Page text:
Writing doesn’t happen in a vacuum. Collecting feedback on my writing and iterating on it let me identify (and amplify) the best, most interesting parts of my content. In this case, it exposed the idea of a collection of founder stories, something that I had never intended to write about in the first place.
Looking back now, I’m still slightly shocked by the caliber of founders I interviewed. GitHub, Codecademy, Zenefits; these are well known names in Silicon Valley. At least two companies in the book have a billion dollar valuation. So how did I get the interviews?
Persistence. I made a list of every company I thought had an unusual origin story, or was involved in an interesting industry. I prioritized them based on which companies I could get an introduction to, and I started emailing. In a lot of cases, I never heard back. So I followed up. And if I didn’t hear back, I followed up a third time. Not all of the leads worked out — far from it. For every well known company in Unscalable, 3 or 4 never got back to me. In the end though, I collected enough solid content that I decided to push forward.
Some concrete things that helped:
- Introductions. Silicon Valley runs on social capital, and getting a warm introduction to someone you want to talk to goes a long way.
- Flexibility. I was willing to talk to them whenever, day or night, weekday or weekend. More than one interview was done by tethering from an iPhone in the middle of the Costa Rican jungle, with chickens and howler monkeys in the background. Seriously.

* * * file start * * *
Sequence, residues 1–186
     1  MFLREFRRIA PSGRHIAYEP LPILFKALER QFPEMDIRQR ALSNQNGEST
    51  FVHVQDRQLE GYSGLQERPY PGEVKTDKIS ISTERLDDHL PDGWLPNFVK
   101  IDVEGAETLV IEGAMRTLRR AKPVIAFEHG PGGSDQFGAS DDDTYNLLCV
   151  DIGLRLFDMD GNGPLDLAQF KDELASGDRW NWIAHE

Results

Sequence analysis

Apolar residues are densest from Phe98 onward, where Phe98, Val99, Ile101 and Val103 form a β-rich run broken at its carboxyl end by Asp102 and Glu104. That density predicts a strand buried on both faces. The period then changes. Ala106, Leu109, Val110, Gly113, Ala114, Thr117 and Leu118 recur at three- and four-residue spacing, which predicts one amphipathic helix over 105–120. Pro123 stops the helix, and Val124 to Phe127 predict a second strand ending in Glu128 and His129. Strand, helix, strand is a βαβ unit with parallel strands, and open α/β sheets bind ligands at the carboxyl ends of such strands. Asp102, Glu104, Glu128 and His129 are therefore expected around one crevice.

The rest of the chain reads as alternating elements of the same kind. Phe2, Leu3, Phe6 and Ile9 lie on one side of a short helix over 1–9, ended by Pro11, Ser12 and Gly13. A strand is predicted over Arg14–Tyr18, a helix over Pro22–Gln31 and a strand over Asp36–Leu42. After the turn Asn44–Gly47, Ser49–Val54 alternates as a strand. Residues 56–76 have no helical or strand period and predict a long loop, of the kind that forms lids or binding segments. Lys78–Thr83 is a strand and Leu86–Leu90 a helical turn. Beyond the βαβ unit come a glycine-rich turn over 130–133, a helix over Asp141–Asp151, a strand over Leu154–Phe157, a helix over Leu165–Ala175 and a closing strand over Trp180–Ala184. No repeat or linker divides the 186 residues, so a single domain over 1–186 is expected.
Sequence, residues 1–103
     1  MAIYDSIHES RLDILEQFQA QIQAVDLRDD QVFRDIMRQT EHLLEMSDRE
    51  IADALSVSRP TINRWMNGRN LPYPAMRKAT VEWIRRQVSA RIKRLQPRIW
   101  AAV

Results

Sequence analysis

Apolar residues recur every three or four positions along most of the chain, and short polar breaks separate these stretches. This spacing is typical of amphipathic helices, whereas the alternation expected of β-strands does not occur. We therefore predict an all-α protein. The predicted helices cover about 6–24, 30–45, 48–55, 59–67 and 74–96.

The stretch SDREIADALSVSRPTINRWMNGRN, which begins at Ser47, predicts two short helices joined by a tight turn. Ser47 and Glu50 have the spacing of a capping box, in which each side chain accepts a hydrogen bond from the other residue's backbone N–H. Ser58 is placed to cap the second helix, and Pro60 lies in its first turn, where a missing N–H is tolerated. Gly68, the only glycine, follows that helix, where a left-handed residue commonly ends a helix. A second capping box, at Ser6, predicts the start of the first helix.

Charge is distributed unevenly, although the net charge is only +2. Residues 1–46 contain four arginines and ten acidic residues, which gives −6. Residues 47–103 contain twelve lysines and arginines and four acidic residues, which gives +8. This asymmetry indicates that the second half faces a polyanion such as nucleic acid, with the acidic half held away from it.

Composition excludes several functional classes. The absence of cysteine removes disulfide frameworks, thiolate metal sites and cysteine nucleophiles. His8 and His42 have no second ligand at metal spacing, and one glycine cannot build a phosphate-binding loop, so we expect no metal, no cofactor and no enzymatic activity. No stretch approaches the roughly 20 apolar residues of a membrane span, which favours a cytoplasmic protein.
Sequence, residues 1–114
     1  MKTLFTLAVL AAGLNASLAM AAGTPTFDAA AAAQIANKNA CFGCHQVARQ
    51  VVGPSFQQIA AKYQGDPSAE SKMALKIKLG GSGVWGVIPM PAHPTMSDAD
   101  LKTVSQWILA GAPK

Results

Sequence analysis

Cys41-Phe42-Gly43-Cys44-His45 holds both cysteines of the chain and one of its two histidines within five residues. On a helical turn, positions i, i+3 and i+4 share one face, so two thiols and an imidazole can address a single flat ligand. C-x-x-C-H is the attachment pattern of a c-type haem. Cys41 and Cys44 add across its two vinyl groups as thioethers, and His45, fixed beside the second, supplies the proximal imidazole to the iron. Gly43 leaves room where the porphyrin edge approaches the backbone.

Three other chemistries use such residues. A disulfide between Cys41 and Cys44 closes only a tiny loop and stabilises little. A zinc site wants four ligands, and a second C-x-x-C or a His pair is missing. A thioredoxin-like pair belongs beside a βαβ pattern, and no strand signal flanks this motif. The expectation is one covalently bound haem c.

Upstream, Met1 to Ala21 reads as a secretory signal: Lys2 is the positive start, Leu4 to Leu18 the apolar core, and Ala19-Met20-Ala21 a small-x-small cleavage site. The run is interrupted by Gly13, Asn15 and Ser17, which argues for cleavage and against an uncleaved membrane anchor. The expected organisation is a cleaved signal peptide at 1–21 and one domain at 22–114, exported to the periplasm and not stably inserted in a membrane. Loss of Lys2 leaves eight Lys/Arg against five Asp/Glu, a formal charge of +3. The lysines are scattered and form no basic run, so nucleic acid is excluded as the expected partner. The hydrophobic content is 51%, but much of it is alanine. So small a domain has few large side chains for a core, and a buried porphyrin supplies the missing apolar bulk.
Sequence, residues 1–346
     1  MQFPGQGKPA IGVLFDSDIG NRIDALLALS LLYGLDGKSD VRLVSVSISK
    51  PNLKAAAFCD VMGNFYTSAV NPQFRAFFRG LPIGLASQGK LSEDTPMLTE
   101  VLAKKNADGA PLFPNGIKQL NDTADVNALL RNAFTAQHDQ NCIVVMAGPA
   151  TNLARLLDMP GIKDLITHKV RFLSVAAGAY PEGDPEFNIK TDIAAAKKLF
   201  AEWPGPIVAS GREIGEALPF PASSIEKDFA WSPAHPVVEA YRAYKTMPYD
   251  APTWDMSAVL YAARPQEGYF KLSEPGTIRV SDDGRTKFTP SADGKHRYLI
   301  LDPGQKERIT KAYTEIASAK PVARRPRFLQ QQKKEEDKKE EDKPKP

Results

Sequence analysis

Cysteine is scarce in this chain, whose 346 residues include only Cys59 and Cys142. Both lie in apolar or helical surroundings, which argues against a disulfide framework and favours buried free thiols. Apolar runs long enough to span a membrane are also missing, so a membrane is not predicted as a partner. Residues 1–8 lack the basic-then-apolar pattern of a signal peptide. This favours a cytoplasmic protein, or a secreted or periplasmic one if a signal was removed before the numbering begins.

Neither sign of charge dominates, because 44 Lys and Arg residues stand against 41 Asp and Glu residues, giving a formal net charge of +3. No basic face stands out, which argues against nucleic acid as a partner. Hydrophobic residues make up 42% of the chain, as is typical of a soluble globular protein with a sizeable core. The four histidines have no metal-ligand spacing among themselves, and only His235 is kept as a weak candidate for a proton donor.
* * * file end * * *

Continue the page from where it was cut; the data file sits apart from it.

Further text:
- Incentive. The founders were doing me a favor by creating space in their busy schedules, so I tried to present the interview as an opportunity to tell their story, or to benefit the startup community by telling stories outside of the “overnight success” archetype that’s normally presented.
- Resourcefulness. I used the Rapportive trick a ton. These days, Clearbit Connect has made this a heck of a lot easier.
After I decided to do a book, the natural next question was, “How do I publish a book?” There are plenty of options, but the biggest choice is whether you want to go through the traditional publishing route, or self publish. Before I explain which option I chose and why, I’ll briefly discuss how each process works.
1) Get a literary agent (start by searching “literary agents $my_genre $my_city”), convince them to take you on, and work with them on pitching your book to publishers until one will buy your manuscript.
Sidenote: What does an agent do? They help polish your manuscript, and then they pitch to publishers on your behalf. Oh, and they take a cut of your publishing deals. Usually 10–15%.
2) Sign a publishing deal (and generally relinquish most of the creative control) in exchange for an advance. I’m no expert, but your advance will probably be in the low five-figures, especially for a first-time author. Agree on a royalty split, usually along the lines of 90% (them) and 10% (you).
3) Edit your manuscript. Work with your agent and the publisher to continue polishing it until it’s ready for print. And then launch!